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Taking into account operator precedence in your first example, the 1 is all that's in scalar context. There is nothing to present a list to the assignment operator at all, and each element item to the right of the assignment operator gets its context separately (two thirds of them getting void context).

Likewise taking into account operator precedence in your second example, only @y is in scalar context. The exception that an array in scalar context yields its length is in effect, and that's what $x gets assigned.

No lists are presented to the operators due to comma being lower in precedence than assignment. I don't see how one's thinking about lists even becomes involved with the thinking about the assignment unless someone doesn't know that the comma operator is lower precedence than assignment.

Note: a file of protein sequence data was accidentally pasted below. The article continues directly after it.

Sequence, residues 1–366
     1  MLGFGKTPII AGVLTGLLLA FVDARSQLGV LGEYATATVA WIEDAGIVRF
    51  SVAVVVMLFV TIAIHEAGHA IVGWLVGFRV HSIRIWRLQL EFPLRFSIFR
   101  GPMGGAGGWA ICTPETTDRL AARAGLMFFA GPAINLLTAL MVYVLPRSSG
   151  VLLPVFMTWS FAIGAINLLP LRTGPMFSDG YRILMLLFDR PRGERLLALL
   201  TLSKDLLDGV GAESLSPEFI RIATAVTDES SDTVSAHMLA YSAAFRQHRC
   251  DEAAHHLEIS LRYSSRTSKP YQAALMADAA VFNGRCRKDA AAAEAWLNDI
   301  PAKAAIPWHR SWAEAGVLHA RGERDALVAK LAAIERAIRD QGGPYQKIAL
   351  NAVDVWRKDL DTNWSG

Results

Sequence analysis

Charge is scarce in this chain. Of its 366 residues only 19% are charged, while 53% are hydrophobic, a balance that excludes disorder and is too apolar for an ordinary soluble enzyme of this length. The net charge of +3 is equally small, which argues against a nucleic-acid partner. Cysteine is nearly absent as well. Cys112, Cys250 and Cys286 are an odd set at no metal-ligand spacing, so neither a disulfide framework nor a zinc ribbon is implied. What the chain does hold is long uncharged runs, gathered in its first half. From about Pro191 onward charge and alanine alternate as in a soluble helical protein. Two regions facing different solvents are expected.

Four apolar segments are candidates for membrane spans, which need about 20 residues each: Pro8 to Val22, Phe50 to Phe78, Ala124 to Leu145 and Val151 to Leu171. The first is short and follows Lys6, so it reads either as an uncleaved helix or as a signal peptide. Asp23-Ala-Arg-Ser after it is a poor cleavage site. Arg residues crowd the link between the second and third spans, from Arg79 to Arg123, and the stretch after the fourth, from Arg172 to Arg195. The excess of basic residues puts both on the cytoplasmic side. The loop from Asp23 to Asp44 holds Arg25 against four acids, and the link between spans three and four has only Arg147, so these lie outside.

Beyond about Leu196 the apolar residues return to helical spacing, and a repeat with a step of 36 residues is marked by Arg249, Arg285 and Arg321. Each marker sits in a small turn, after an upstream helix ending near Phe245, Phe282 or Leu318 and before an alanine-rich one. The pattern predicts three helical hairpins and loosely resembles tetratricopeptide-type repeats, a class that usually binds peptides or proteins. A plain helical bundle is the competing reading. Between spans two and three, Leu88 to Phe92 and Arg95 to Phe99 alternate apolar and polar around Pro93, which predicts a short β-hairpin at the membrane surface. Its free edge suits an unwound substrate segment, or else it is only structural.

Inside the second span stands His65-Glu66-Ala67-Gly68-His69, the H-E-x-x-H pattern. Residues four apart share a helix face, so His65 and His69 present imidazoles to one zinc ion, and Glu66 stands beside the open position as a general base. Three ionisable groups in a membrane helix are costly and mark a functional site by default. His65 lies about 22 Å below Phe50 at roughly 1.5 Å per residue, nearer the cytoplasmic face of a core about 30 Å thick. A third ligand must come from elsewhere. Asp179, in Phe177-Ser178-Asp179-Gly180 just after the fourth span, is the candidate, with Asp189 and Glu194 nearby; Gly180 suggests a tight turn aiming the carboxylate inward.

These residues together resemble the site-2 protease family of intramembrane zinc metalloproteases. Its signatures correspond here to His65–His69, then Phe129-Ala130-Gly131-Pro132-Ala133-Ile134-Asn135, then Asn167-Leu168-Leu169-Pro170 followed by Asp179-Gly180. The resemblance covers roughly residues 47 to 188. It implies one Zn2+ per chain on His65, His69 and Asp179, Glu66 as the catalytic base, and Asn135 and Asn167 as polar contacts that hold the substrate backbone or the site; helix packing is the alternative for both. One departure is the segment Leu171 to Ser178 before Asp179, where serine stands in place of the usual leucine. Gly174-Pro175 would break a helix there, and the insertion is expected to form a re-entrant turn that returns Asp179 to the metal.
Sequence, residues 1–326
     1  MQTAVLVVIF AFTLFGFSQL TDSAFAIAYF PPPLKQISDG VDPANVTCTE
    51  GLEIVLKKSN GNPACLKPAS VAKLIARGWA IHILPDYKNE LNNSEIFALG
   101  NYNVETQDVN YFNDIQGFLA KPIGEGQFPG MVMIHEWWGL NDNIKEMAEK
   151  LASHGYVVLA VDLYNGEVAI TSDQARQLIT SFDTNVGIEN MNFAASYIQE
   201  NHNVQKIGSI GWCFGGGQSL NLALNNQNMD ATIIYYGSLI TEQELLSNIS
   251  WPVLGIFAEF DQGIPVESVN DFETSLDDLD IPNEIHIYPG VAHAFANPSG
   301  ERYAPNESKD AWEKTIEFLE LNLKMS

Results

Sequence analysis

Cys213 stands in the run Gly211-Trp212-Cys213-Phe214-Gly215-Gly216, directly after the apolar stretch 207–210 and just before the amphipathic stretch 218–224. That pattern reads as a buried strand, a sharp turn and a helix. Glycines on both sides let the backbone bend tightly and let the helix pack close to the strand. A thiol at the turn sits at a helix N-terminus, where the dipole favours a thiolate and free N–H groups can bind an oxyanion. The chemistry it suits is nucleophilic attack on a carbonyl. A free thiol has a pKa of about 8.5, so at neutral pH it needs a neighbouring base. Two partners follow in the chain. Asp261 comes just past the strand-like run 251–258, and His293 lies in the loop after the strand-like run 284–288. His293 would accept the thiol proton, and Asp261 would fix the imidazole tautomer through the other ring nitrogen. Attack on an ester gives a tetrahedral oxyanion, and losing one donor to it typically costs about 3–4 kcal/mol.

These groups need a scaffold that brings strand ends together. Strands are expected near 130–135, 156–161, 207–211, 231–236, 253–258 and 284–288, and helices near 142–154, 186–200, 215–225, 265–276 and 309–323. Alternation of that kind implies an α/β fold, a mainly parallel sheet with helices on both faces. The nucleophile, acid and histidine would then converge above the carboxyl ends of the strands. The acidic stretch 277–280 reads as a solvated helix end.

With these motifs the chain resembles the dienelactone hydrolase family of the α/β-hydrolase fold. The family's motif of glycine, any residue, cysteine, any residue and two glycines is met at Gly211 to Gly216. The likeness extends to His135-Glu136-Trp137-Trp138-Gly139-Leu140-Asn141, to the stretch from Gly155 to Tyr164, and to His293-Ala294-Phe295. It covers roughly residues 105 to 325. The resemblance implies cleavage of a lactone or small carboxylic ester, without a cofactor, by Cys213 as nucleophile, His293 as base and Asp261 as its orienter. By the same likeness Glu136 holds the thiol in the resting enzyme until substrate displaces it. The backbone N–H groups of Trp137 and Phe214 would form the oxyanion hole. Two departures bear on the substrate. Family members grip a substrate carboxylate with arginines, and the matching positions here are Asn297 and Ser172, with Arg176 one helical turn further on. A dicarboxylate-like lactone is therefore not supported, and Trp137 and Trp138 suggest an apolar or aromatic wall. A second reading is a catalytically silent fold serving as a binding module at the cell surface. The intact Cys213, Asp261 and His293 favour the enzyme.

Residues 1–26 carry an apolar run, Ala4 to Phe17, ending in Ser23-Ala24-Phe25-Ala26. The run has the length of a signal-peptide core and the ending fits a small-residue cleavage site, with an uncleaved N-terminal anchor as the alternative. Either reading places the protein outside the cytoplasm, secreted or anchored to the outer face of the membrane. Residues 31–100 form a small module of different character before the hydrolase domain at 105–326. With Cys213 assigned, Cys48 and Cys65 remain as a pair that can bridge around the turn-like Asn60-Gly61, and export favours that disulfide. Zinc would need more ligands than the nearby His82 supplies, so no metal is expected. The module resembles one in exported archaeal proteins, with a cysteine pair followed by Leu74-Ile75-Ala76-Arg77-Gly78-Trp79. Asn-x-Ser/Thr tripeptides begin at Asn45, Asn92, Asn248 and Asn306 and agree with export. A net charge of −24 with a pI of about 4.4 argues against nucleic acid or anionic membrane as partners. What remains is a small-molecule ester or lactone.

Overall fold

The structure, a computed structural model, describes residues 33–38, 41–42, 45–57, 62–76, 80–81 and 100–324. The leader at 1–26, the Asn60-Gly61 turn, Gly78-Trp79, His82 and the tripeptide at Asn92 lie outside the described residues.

If someone doesn't understand operator precedence, they have bigger issues than just a mental model of lists.

BTW, I've never programmed more than a couple of dozen lines of Python, total. I also think candy-flavored unicorns sound delightful, if a bit dangerous to taste.

Now, if we were dealing with a concept of lazy vs. eager assignment operators or specific atom and list assignment operators (which would need different names and not both be simply '=') instead of context being determined by the left operand of the infix operator, then that'd be another story. That'd be a different language, too, though.

In reply to Re^5: If you believe in Lists in Scalar Context, Clap your Hands by mr_mischief
in thread If you believe in Lists in Scalar Context, Clap your Hands by gone2015

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